Site 04:

According to Asia Times, Britain has admitted for the first time that troops were used as human guinea pigs for a testing program in Australia in the 1950’s that helped it join the United States and the Soviet Union in the nuclear club. The admission came grudgingly, and only after it had been independently confirmed in released Australian military records that servicemen were deliberately exposed to nuclear fallout to test their levels of tolerance to illness.

Lawyers representing veterans in the UK and Australia contend that safety was so lax that scores were exposed to radiation illnesses. Often the only protection they were offered was “a quick wash under a hose.” One mixed unit of soldiers were told to walk through the test zone three days after a detonation, for what was termed “clothing tests.” Dressed in heavy woolen garments the soldiers – none of them volunteers – were given a battery of medical tests to check which type of clothing offered “the best protection against radioactive contamination in conditions of warfare.”

Both Britain and Australia deny that the men were in danger
Site 03:

Not only was the Australian and British government negligent, but they actually used the troops for their own power and gain, plus they have failed to effectively do anything for the Aborigines and their land.

Britain failed to provide for the welfare of the Aborigines who were deprived of their heritage by the tests. It has declined to foot the bill for cleaning up the site, which remains highly contaminated despite the removal of some radioactive material in 1997 and will be partly uninhabitable for at least another 30 years
Site 03:

At the time, the Australian government displayed very little interest in the possible long-term effects of the tests. However, by the 1980’s these effects started to become clear.

Australian servicemen and the traditional Aboriginal owners of the land were suffering blindness, sores, and illnesses like cancer
Site 06:

The Aboriginals wish to return to the land providing it is safe to do so. They have been advised that some of the land is not suitable for permanent occupation and 450 km² is encircled by boundary markers to remind them that this is so. The boundary markers might have a life of 50 years, but half of the plutonium will still be there in 24,000 years
Site 05:

The troops used by the British government as a testing program have been stricken with a range of cancers and deformities, some of the soldiers have been fighting for decades to have their plight accorded official recognition, which might open the door to compensation. More than 200 Australian veterans or their families have lodged claims for compensation for illness or death due to radiation exposure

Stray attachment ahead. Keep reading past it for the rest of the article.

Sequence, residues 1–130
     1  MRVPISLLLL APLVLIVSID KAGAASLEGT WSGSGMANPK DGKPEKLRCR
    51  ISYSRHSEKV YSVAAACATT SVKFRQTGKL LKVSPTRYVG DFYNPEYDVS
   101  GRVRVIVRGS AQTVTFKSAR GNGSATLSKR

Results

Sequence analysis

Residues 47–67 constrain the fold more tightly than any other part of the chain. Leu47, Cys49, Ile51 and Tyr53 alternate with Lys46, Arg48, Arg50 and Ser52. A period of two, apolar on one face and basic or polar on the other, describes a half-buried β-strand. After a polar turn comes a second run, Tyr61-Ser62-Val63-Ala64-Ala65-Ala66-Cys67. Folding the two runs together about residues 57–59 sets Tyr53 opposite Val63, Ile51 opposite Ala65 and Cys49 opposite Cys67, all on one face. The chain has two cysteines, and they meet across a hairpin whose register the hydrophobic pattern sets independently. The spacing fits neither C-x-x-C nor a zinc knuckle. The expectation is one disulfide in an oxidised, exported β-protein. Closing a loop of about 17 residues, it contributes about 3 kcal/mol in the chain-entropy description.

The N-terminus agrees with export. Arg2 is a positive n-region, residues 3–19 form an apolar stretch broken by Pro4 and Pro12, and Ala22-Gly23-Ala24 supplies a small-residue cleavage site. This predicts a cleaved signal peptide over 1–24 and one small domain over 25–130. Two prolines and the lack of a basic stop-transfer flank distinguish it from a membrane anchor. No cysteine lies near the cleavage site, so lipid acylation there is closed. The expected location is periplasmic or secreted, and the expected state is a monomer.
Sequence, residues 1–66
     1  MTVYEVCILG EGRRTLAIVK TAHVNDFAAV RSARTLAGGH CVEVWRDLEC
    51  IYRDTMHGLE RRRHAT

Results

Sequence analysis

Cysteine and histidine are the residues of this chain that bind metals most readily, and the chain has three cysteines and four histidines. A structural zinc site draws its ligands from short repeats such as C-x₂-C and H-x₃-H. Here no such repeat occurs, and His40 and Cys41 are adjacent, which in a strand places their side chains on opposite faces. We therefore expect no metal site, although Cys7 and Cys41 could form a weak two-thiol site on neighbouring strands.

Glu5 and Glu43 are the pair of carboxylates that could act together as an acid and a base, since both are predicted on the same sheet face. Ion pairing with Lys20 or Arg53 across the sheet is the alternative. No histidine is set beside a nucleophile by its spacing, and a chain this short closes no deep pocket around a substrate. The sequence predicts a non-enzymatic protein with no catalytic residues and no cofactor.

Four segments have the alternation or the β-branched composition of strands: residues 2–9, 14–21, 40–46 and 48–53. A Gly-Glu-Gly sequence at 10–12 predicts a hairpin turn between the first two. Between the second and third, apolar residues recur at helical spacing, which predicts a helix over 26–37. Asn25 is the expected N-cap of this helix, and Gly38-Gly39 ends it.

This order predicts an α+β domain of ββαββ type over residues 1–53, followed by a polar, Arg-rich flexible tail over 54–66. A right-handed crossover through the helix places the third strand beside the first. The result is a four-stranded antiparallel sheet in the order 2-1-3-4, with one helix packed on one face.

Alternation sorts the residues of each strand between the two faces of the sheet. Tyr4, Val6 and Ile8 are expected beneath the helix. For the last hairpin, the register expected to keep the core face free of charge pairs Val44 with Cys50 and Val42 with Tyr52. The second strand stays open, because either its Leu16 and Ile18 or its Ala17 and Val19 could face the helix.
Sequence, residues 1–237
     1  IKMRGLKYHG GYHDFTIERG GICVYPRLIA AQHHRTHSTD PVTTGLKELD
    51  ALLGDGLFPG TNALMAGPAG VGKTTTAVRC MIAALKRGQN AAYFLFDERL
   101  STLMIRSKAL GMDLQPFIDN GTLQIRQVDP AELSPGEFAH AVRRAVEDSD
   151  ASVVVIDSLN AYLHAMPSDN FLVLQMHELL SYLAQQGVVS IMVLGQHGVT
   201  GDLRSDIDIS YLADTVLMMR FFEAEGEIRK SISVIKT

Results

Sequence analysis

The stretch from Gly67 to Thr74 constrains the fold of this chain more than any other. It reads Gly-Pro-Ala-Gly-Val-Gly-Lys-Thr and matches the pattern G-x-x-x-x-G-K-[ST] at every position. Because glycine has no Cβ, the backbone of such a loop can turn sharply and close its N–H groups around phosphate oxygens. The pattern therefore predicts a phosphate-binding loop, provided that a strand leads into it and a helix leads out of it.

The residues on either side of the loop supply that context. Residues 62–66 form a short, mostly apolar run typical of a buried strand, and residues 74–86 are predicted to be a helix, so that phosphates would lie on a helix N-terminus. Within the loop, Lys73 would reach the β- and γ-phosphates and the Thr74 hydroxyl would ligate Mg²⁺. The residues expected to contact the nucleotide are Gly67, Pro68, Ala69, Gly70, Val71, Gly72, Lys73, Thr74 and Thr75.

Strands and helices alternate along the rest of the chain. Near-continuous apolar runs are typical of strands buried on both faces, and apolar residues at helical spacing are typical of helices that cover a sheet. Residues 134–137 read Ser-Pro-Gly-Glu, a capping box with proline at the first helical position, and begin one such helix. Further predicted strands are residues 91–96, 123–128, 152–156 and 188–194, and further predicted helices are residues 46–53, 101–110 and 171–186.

Site 06:

Now that the law suits are flooding in, usually in response to second-generation birth defects, Australia has been quick to shift the compensation burden to Britain. London argues that there is no medical evidence linking the defects with Maralinga.

In September 1997, it had informed the European Court of Human Rights that servicemen were never allowed into the testing areas, a statement that now has a decidedly hollow ring
Site 03:

There were 220 recommendations of the Royal Commission which investigated the damage that had been caused to the land. One of these recommendations was for group compensation for all of those people affected by the testing. The commission had found that while Aboriginal people were supposed to have been removed from the area during testing, many were actually in the area during and after the tests and had been exposed to high levels of radiation. For the last 10 years, the Maralinga Tjarutja people have been fighting a long battle to win group compensation.

Angelina Wonga, an Indigenous person who lived through the experience of the nuclear testing at Maralinga, explains at (Site 07):

“I was in Wantjapila, with all the family. Sitting down. And when we seen a bomb went out from the South. And said, ‘Eh, what’s that?’ And when we see the wind blowing it to where we were sitting down. Nobody got a warning, nobody.

That was the finish of mother and father. They all passed away through that. I was only there. Buried the grandmother. I was the only one left. I went back to where I was born. People there were passing away, some type of flu. And I was the only one left. I lost everything. And the Government never pay me anything, loss of mother.

The smoke went right through the land. Everybody was sick. I’ve got damages too, with my eyes. Can’t see far. Memory no good. Can’t think properly. Asthma trouble, can’t talk and sing properly. Because of that. It’s time they gave me compensation, pay me back.”